Mckinsey.com , November 16,2022
By Krista Biniek, Phil De Luna, Luciano Di Fiori, Alastair Hamilton, Brandon Stackhouse
Over the past 30 years, many industry experts have predicted that carbon capture, utilization, and storage (CCUS) technologies would be required to decarbonize industries such as energy, chemicals, cement, and steel production, yet the CCUS industry has struggled to find its footing. Today, however, the nationally determined contributions (NDC) 1 of governments and corresponding industry commitments, technological innovations, and demand for green consumer products have made scaling CCUS not only possible but necessary.
To meet their emissions reduction commitments, governments have begun enacting policies to support the development of CCUS. For example, the recent Inflation Reduction Act (IRA) in the United States includes an enhanced tax credit for the permanent sequestration of CO₂, which could rapidly boost adoption and help scale CCUS facilities.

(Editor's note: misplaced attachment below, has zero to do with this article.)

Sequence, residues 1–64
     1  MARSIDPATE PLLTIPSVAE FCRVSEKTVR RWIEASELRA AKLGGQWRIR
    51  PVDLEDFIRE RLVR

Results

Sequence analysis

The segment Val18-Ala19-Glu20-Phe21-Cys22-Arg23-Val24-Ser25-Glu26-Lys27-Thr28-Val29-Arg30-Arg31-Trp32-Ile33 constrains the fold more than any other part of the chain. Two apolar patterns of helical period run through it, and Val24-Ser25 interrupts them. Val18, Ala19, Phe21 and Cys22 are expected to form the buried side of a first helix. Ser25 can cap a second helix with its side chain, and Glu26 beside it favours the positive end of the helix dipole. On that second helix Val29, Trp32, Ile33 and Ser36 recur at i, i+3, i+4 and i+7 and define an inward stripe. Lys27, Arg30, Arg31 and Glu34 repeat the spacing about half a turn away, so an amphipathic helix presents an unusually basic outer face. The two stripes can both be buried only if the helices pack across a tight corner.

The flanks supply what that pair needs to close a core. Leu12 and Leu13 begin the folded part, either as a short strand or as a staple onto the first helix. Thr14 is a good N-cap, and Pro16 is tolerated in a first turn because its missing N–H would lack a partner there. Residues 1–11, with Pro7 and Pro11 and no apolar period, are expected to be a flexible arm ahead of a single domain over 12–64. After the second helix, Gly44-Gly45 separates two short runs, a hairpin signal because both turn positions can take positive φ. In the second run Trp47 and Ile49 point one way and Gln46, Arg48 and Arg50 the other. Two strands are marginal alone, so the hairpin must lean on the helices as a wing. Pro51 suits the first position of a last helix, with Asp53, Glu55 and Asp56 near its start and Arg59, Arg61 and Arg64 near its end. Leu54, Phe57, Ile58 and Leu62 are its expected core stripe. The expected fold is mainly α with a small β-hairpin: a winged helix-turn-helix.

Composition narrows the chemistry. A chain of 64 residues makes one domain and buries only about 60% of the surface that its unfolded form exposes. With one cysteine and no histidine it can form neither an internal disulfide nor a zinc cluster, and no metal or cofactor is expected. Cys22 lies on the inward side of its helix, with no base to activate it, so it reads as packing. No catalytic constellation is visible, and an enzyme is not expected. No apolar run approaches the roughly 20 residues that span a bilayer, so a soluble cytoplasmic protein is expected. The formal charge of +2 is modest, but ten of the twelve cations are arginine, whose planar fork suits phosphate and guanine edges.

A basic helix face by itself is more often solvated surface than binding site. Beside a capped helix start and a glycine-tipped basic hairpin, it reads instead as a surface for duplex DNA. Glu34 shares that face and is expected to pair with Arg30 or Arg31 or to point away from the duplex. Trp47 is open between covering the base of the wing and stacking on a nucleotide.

According to McKinsey analysis, CCUS uptake needs to grow 120 times by 2050 for countries to achieve their net-zero commitments , reaching at least 4.2 gigatons per annum (GTPA) of CO₂ captured, with some estimates ranging from 6.0 to 10.0 GTPA. This could lead to CCUS decarbonizing 45 percent of remaining emissions in the industry sector. Even in conservative scenarios, CCUS demand would reach approximately two GTPA by 2050—a 60-fold increase over today’s pipeline of projects.